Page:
Woman paraded naked: A familiar headline in India

Students at a protest rally in Mumbai on October 2, 2020
Image caption,Incidents similar to the one in Karnataka have made headlines in recent years

Earlier this month, a woman was stripped and paraded naked in India, sparking outrage. It’s a depressingly familiar headline, but legal experts and gender rights activists say the law is still not equipped to deal with such heinous crimes against women

Warning: This article contains details some readers may find distressing.

It was sometime after 1am on 11 December when more than a dozen people barged into Sasikala’s [not her real name] house.

The 42-year-old was dragged out, stripped and paraded naked around the village, tied to an electricity pole and beaten for hours.

A resident of Hosa Vantamuri village in Belagavi district in the southern Indian state of Karnataka, she was being punished because her 24-year-old son had eloped with his 18-year-old girlfriend.

The young woman had been betrothed by her family to another man and was to get married the next day. Her furious family wanted to know where the couple were.

The police reached the village around 4am after they received a tip-off and rescued Sasikala and took her to hospital. She’s reported to be suffering from severe trauma. Her husband later told a visiting state minister that “my wife and I didn’t even know about the relationship”.

More than a dozen people have been arrested and a local police officer has been suspended for “dereliction of duty”.

The incident made national headlines and authorities took notice. Karnataka Chief Minister Siddaramaiah called it an “inhuman act” and promised justice to her.

The government also gave her some agricultural land and money, although authorities have acknowledged there could be no compensation for the humiliation she endured.

Karnataka high court Chief Justice Prasanna Varale and Justice MGS Kamal, who summoned the police and initiated a hearing on their own, said they were “shocked” that such an incident could take place in modern India.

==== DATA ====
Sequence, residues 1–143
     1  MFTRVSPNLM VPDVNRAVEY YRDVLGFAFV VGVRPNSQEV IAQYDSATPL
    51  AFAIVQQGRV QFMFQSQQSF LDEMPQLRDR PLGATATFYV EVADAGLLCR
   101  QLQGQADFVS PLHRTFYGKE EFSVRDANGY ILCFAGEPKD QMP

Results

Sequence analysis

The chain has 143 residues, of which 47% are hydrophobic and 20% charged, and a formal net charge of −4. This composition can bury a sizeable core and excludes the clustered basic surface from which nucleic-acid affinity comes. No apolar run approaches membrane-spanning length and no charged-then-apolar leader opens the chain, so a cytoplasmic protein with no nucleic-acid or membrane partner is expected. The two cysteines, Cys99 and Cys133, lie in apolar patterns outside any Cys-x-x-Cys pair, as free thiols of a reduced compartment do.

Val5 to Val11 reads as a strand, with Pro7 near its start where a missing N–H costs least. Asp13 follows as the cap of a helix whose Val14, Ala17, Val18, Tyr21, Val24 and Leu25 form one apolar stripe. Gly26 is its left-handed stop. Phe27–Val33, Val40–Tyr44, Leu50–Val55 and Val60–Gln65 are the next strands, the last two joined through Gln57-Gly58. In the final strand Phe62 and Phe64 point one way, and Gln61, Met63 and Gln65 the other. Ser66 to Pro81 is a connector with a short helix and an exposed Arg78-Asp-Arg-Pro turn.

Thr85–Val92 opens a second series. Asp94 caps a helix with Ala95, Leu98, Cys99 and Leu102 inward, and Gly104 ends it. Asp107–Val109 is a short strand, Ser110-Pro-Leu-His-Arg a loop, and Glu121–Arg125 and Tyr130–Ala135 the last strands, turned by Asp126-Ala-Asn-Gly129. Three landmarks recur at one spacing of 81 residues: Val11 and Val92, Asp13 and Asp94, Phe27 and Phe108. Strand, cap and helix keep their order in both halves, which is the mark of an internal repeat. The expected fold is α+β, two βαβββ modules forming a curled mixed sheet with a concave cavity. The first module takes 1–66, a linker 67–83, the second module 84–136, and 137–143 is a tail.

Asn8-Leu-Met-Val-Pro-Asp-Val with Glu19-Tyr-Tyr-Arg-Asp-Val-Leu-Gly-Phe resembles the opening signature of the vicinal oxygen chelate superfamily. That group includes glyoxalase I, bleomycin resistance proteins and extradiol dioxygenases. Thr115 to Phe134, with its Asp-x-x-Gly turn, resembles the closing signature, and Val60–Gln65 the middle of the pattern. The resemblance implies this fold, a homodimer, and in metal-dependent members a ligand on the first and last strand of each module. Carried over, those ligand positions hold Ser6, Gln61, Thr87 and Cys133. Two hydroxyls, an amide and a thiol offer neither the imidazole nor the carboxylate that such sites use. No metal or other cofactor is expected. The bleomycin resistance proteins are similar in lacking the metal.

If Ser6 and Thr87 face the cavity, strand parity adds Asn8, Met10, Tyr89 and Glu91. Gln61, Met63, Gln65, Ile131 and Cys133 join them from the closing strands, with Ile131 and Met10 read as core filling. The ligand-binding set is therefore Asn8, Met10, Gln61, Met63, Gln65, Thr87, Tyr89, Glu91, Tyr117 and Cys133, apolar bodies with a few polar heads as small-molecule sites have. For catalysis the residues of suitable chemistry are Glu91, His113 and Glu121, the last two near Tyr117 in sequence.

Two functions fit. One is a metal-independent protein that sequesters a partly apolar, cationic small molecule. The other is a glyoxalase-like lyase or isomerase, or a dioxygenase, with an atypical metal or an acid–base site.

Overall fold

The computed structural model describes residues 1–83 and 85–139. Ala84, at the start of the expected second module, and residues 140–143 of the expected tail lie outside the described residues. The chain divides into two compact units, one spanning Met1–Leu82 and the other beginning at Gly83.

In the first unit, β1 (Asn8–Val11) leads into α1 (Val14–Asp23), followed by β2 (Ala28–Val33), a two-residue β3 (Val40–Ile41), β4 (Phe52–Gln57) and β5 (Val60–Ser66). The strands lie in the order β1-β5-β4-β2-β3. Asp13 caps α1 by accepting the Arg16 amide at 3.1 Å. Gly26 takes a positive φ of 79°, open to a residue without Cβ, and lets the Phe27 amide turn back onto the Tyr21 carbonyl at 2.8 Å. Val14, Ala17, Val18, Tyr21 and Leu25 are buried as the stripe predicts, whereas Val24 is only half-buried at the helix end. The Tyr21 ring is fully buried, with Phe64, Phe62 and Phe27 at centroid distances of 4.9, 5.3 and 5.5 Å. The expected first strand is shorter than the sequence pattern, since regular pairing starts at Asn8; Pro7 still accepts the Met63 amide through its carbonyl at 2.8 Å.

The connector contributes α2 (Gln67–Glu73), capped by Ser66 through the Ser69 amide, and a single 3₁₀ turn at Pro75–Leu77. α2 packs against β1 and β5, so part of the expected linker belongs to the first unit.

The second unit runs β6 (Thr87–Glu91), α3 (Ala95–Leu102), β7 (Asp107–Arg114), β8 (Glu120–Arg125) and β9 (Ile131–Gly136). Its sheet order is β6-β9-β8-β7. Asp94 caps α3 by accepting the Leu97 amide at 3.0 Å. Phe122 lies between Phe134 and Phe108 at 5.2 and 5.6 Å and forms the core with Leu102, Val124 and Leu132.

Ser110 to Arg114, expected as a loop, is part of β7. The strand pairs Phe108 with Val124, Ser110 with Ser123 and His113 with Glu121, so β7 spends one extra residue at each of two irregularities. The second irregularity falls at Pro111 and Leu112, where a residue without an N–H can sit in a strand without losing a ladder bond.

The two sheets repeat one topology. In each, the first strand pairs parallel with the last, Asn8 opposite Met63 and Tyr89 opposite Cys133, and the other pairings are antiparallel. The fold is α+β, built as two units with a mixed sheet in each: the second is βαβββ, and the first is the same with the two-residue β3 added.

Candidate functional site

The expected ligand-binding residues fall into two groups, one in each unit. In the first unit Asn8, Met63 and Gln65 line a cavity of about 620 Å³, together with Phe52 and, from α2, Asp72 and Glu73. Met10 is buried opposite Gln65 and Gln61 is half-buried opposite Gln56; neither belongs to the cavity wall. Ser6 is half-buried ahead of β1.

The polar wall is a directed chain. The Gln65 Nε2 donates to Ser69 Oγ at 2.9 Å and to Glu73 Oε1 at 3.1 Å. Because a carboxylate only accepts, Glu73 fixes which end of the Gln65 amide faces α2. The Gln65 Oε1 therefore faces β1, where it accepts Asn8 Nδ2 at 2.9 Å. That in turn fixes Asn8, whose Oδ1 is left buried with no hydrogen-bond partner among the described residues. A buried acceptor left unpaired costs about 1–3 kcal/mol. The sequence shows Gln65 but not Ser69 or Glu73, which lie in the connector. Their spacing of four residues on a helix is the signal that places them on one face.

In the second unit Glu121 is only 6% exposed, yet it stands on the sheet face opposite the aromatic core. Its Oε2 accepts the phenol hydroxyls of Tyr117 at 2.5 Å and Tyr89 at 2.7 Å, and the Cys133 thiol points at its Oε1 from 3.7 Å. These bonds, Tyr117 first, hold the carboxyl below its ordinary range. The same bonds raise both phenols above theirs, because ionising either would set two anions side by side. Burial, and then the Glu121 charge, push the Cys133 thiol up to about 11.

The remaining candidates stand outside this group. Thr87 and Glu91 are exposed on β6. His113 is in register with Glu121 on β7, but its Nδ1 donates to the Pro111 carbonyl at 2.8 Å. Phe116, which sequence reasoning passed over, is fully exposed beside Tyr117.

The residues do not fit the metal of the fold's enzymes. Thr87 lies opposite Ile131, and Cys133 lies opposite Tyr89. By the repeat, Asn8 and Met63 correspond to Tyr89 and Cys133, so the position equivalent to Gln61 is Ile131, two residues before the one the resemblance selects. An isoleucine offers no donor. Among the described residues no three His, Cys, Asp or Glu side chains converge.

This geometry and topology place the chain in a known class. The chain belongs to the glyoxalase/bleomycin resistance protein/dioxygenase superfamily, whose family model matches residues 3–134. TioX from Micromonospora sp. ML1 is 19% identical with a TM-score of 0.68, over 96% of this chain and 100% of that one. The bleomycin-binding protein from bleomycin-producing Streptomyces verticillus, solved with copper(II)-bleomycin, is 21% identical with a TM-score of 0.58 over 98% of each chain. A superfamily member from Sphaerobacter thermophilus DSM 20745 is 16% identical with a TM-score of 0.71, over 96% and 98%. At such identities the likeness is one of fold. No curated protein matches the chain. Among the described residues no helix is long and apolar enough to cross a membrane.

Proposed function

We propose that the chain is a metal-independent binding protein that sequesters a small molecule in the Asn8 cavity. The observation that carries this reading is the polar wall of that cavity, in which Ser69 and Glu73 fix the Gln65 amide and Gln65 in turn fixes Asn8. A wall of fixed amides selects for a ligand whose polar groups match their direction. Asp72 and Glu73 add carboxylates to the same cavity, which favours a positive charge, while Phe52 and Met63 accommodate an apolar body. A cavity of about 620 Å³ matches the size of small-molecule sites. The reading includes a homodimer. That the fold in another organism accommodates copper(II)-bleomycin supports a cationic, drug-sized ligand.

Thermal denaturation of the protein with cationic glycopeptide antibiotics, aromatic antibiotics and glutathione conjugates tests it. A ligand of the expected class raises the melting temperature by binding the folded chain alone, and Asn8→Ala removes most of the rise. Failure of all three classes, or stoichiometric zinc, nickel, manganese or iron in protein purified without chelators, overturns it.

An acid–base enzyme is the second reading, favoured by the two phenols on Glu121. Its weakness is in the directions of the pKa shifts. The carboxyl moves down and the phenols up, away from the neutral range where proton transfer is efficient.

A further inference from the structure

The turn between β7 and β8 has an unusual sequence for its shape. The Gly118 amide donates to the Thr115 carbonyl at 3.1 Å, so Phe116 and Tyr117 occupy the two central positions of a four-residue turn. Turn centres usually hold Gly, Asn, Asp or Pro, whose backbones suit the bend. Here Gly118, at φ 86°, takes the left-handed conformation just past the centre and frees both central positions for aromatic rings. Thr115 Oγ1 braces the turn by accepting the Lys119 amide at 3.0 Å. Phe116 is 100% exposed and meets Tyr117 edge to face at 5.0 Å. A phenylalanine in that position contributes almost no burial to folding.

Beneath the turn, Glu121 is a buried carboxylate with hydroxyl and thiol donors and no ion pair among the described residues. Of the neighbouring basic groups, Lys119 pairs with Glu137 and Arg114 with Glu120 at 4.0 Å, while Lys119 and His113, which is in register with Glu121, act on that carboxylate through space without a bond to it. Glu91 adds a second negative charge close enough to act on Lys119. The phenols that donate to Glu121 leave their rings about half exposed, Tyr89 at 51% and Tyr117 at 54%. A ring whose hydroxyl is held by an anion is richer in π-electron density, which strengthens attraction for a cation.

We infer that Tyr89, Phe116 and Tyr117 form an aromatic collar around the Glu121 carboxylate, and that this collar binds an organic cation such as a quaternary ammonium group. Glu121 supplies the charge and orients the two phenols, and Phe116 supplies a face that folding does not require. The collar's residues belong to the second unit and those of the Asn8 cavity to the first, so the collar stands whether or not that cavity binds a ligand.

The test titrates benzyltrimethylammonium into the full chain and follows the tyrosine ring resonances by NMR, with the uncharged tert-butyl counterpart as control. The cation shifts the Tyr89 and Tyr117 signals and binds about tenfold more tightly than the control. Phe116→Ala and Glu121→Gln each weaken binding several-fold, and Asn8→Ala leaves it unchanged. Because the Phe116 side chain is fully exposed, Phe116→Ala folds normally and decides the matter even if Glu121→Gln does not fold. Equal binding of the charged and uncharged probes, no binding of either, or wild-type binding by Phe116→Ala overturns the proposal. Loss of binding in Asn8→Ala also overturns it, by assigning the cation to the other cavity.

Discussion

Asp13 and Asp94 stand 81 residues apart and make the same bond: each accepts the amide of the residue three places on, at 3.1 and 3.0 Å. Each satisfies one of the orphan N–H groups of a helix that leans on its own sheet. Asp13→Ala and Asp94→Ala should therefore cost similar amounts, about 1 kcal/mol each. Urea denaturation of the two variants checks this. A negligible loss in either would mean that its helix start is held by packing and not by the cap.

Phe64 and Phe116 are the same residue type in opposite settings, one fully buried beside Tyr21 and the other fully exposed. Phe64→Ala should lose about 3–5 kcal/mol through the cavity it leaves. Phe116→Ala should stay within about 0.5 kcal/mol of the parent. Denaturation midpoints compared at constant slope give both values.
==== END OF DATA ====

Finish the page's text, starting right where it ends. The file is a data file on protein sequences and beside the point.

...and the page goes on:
But the incident in Belagavi is not really rare and several similar incidents have made headlines in India in recent years.

Protests in Delhi after a cellphone video of two Kuki tribal women being stripped and paraded naked emerge in Manipur in July 2023
Image caption,Protests in Delhi after two Kuki tribal women were stripped and paraded naked in Manipur in July 2023

One such story that sparked global outrage came from the north-eastern state of Manipur in July. A viral video showed two women being dragged and groped by a mob of men before one of them was allegedly gang-raped.

The horrific attack had a political angle – Manipur was gripped by violent ethnic clashes involving the Kuki and Meitei communities.

But reports from other states show such incidents are often rooted in caste or familial conflicts, with women’s bodies routinely becoming the battleground.

In August, a 20-year-old pregnant woman was paraded naked in Rajasthan by her husband and in-laws after she reportedly left him for another man. A 23-year-old tribal woman in Gujarat was punished in a similar manner for eloping with another man in July 2021.

In May 2015, five Dalit women were paraded naked and caned by members of a higher caste in Uttar Pradesh after one of their girls eloped with a Dalit boy. In 2014, a 45-year-old woman in Rajasthan was paraded naked on a donkey after being accused of killing her nephew.